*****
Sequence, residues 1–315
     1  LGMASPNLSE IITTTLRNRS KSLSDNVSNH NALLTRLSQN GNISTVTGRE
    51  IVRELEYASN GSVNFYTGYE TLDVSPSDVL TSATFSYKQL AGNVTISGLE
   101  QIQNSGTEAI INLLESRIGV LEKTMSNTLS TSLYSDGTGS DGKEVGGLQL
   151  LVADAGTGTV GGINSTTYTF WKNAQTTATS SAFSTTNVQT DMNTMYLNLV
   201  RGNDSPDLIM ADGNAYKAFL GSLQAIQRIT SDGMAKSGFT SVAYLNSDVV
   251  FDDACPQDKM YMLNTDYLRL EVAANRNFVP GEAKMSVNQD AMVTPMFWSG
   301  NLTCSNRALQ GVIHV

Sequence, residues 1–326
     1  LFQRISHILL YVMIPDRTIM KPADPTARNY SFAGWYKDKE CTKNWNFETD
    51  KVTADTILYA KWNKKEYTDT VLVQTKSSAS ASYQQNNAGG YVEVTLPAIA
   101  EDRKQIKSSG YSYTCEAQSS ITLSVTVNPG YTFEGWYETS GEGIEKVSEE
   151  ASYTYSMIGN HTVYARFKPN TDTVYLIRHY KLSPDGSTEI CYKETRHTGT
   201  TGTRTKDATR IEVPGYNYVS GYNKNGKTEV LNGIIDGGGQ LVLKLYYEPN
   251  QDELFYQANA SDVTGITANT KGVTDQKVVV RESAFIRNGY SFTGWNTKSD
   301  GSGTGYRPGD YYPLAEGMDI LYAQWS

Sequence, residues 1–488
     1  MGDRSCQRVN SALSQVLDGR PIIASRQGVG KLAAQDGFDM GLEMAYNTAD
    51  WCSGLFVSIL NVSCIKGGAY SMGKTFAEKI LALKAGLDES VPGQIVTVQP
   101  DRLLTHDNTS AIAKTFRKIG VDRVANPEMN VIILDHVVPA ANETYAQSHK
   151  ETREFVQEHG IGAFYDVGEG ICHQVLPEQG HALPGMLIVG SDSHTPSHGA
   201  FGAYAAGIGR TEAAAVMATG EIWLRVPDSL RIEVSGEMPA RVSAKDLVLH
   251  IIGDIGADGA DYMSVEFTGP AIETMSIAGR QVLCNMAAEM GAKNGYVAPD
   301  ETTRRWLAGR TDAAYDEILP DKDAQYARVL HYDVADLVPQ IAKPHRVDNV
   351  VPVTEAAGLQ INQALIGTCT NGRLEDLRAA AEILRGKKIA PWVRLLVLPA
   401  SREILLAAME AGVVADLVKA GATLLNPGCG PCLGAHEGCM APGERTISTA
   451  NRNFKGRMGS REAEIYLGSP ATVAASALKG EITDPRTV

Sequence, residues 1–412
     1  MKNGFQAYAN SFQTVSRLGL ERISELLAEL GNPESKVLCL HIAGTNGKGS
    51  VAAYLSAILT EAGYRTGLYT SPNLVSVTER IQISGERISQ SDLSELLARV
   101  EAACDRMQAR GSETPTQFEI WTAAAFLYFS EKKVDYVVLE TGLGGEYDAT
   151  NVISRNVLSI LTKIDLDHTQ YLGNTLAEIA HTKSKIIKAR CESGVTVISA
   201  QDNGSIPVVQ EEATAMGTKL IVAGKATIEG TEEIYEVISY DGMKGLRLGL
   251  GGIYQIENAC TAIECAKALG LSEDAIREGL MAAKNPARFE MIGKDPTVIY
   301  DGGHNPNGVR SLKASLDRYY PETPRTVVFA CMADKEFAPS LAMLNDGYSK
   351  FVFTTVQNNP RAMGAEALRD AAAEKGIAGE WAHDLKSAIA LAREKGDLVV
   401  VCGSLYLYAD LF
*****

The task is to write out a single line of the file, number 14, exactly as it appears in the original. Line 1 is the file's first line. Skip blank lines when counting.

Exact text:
   201  TGTRTKDATR IEVPGYNYVS GYNKNGKTEV LNGIIDGGGQ LVLKLYYEPN